Ukraine ceasefire at risk after rebels down military helicopter

The shaky ceasefire in Ukraine was thrown into peril Tuesday when pro-Moscow separatists shot down a Ukrainian military helicopter, killing nine servicemen.

9 Ukrainian servicemen killed in attack

Pro-Russian militants fighting in eastern Ukraine have adhered to a ceasefire agreement this week, although there were reports of shooting incidents in various areas. (Shamil Zhumatov/Reuters)

The shaky ceasefire in Ukraine was thrown into peril Tuesday when pro-Moscow separatists shot down a Ukrainian military helicopter, killing nine servicemen.

Ukrainian President PetroPoroshenko warned he may end the weeklong truce ahead of time. The deadly attack came a day after the rebels vowed to respect the ceasefire, which began last Friday.

Russian President Vladimir Putin, meanwhile, played the peacemaker, urging Ukraine to extend the truce and sit down for talks with the rebels. He also moved to rescind a parliamentary resolution authorizing him to use the Russian military in Ukraine.

Poroshenko declared the ceasefire as part of a plan to end two months of fighting between government troops and pro-Russian insurgents in the east. The violence, which erupted after the Kremlin's lightning annexation of Crimea in March, has left hundreds dead.

The ceasefire has been repeatedly broken by sporadic clashes, and it was violated again Tuesday when rebels used a shoulder-fired missile to down a helicopter in Slovyansk, a key flashpoint in the insurgency.

Poroshenko said in a statement that the insurgents had fired on Ukrainian positions 35 times since the ceasefire was announced, and he instructed Ukrainian soldiers to fire back "without hesitation" if attacked.

"The president doesn't exclude that the ceasefire could be lifted ahead of time, taking into account its constant violation by the rebels controlled from abroad," Poroshenko's office said.

It added that Poroshenko expects that his phone call, set for Wednesday, with Putin, German Chancellor Angela Merkel and French President Francois Hollande would lead to "practical steps by Russia to disarm and recall mercenaries from Ukraine and ensure the reliable protection of the border."

The U.S. and NATO have accused Russia of supporting the rebellion in the east with troops and weapons. Moscow has denied that, saying Russian citizens who joined the insurgents were acting on their own.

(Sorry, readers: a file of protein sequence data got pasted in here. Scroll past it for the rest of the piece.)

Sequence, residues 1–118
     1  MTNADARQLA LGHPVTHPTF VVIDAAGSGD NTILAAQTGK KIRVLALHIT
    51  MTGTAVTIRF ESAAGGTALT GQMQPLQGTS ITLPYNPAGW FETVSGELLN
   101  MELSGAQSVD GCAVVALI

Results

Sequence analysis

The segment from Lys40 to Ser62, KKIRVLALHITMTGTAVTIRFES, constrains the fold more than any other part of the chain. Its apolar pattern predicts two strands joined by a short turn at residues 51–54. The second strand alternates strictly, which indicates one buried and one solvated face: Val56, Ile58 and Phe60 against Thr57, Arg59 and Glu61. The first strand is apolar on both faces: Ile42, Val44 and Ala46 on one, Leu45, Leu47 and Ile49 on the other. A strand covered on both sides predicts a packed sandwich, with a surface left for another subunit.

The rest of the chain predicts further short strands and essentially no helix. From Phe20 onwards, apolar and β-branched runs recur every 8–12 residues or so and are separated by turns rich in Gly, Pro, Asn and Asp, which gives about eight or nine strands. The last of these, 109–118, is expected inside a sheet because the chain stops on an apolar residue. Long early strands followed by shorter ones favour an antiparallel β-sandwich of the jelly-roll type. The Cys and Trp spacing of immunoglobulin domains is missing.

Putin calls on Ukraine to extend ceasefire

During a trip Tuesday to Vienna, Putin employed a combination of pressure and goodwill intended to protect Moscow's interests without triggering heavier Western sanctions, which are likely to be a topic of discussion during a European Union summit on Friday.

We hope that the ceasefire will be extended and it will be used for substantive talks.- Vladimir Putin, Russian president

Putin said that the Ukrainian demand that the insurgents lay down their weapons within a week was unrealistic, explaining that they would be reluctant to disarm for fear of government reprisals.

He called for a longer truce to be accompanied by peace talks, arguing that they should lead to constitutional amendments and other legal changes that would protect the rights of Russian-speakers in the east.

"We hope that the ceasefire will be extended and it will be used for substantive talks," Putin said.

Speaking shortly after the helicopter was shot down, Putin blamed Ukrainian forces for breaking the ceasefire on Tuesday by launching an airborne raid in Slovyansk. He did not mention the downing of the helicopter.

Earlier Tuesday, the Russian president asked parliament to cancel a March 1 resolution sanctioning the use of military force in Ukraine, a move Poroshenko praised as a "practical step" toward peace. The pliant upper house is expected to rubber-stamp the move Wednesday.

U.S., European powers mull more sanctions

White House spokesman Josh Earnest said the U.S. is "reserving judgment" about Putin's latest moves, saying that "it's actions, not just words, that will be critical."

But the positive signals from Putin may delay a new package of sanctions on Russia's key economic sectors designed by the U.S. and its European allies, U.S. officials said.

White House spokesman Josh Earnest said Putin will be judged on actions, not words, when it comes to his country's relations with Ukraine. (Jacquelyn Martin/AP)
Penalizing large swaths of the Russian economy, including its lucrative energy industry, would ratchet up the West's punishments against Moscow over its threatening moves in Ukraine. The U.S. and Europe have already sanctioned Russian individuals and entities, including some with close ties to Putin, but have so far stayed away from the broader penalties, in part because of concern from European countries that have close economic ties with Russia.

Samantha Power, the U.S. ambassador to the United Nations, demanded that Putin curb what she called "contradictory behaviour," including the return of a significant number of troops to the Ukrainian border.

"We have urged Russia to be part of the political solution to the crisis in Ukraine," Power said.